MacNeill House and Bookstore: Site of the Childhood Home of L.M. Montgomery

“I am simply a ‘book drunkard.’ Books have the same irresistible temptation for me that liquor has for its devotee. I cannot withstand them.” – L.M. Montgomery

wood carving of the MacNeill farmhouse

While L.M. Montgomery did not live in the house that inspired Green Gables, visiting would have been quite easy given how close it was to the farm where she grew up in the care of her maternal grandparents. Visitors who purchase the bundle at the Visitor Center can drive or walk along the Haunted Wood Trail to the site of the MacNeill house and farmland (trail walkers also pass the overgrown and less-than-impressive site of the school she attended).

MacNeill farm siteThe property is still in the MacNeill family. Passing into the possession of Montgomery’s uncle after the deaths of her grandparents, the old farmhouse fell into disrepair and proved an unexpected attraction for fans of Montgomery’s. To prevent further “souvenir” taking (and probably the legal issues should uninvited guests injure themselves) the old farmhouse was demolished many decades ago. Montgomery’s uncle’s grandson and his wife (John and Jennie MacNeill) have since gone to great lengths to restore the site and make it available to those who are interested. The publication of L.M. Montgomery’s journals in the 1980s made public her thoughts and reflections during the years she lived and wrote at her grandparents’ home (she wrote four of her novels while living there before her marriage and removal to Toronto; Anne of Green Gables, Anne of Avonlea, The Story Girl, and Kilmeny of the Orchard).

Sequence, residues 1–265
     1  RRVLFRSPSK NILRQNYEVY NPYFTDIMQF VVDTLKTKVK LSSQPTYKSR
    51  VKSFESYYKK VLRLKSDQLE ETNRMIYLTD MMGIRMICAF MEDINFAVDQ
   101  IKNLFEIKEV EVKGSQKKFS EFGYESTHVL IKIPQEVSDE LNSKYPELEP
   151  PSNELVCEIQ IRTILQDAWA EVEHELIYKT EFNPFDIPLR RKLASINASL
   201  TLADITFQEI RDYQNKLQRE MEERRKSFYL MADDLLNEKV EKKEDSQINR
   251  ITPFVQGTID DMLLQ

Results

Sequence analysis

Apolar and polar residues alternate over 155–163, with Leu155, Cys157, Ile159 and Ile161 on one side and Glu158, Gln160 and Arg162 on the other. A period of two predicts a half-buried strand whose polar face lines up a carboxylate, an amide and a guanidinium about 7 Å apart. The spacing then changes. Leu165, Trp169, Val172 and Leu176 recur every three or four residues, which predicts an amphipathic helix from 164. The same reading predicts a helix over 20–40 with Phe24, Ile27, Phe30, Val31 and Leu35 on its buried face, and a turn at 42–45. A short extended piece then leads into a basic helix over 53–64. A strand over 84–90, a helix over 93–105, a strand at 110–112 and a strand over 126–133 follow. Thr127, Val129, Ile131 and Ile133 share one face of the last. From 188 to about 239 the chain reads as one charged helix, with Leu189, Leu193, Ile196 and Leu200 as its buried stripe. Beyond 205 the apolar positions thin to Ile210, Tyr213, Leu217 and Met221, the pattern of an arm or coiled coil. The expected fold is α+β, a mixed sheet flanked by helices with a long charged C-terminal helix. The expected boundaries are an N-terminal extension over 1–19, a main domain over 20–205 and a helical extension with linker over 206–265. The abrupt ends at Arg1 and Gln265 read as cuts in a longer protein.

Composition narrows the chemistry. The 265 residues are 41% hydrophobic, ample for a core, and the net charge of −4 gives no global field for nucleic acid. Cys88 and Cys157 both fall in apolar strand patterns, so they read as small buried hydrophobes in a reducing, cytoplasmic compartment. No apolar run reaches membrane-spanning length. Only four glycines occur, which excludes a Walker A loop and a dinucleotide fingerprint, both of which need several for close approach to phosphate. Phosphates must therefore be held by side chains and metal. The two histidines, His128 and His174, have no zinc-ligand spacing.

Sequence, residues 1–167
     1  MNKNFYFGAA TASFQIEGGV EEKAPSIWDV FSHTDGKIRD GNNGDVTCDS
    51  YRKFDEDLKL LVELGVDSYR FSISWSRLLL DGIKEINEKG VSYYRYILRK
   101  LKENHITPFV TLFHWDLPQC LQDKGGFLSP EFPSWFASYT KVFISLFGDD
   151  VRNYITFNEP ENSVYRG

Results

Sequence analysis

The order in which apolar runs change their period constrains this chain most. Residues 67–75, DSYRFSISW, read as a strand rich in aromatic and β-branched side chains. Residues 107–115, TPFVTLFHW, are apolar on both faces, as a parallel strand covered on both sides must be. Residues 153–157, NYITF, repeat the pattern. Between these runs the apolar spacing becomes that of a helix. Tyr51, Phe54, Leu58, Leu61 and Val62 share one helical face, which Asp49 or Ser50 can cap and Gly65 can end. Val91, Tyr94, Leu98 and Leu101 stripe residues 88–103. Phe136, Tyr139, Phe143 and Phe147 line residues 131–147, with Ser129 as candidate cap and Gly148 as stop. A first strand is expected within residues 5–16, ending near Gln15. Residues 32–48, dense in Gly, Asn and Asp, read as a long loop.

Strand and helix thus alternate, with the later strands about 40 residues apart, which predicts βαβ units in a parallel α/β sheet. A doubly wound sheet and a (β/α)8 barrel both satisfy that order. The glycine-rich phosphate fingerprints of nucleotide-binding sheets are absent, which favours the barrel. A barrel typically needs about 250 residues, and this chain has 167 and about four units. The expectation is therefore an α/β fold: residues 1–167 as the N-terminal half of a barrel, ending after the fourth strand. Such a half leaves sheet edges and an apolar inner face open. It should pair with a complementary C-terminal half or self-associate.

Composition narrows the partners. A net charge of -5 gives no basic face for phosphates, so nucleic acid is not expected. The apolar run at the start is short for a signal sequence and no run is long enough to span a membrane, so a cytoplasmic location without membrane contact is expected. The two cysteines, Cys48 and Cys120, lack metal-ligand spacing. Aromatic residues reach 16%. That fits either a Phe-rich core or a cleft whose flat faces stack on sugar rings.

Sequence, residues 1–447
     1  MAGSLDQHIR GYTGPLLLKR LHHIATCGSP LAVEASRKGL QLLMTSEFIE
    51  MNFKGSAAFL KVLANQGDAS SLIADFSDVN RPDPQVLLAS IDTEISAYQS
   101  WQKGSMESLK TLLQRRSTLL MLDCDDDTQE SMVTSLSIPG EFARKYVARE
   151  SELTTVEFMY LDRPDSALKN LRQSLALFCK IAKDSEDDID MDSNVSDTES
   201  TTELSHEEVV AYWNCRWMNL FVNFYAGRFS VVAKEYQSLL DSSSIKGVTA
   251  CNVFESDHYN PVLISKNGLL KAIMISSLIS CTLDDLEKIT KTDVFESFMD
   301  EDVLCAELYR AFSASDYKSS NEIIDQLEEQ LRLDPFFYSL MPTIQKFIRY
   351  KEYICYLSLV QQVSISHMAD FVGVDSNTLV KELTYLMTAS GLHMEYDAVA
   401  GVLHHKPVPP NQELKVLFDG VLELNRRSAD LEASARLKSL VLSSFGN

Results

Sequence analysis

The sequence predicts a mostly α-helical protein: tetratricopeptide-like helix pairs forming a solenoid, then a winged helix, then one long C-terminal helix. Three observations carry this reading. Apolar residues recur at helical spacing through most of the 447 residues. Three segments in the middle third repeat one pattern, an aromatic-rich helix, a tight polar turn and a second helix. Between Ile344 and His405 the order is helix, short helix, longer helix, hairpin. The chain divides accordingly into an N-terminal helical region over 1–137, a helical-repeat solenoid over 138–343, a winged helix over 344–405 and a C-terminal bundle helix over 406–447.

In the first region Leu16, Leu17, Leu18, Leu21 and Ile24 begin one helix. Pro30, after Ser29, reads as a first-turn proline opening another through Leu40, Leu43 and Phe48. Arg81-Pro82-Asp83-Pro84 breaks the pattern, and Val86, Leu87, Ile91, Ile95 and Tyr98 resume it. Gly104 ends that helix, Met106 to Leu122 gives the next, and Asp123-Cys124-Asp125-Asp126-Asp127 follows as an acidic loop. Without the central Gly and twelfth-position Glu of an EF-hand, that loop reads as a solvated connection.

MacNeill foundationThe foundation for the old farmhouse has been cleared and plaques dot the path past the original well and on towards an on-site bookstore where members of the MacNeill family tend to make appearances and speak to the property’s history and Montgomery’s life while there. With a few family artifacts on display (including postal items from when the MacNeill’s kitchen served as the post office for the area), the bookstore is charmingly intimate and serves as a welcome, homey contrast to the main gift shop at the Green Gables house. The bookstore on the MacNeill property is almost exclusively books, including almost all of Montgomery’s published works, from her journals and memoirs through her novels and collections of short stories (just not the three that are missing from my personal collection). The gift shop at the Green Gables house has a few of the books – mostly those in the Anne series – but they also have a lot more of the commercialized Anne of Green Gables souvenirs (many of which are available at gift shops and stores throughout not only Prince Edward Island, but much of Canada).
book store at the MacNeill siteDuring our visit to the site, we were able to meet Jennie MacNeill who was only too happy to share stories about the house, family histories, and Montgomery herself, including what she meant to the people of the island. Though Montgomery did not live on Prince Edward Island after her marriage, she and her husband are both buried there… but more on that in my last post about the trip.

Cavendish Cemetery, Avonlea Village, Cavendish Beach

Green Gables House

additional photos

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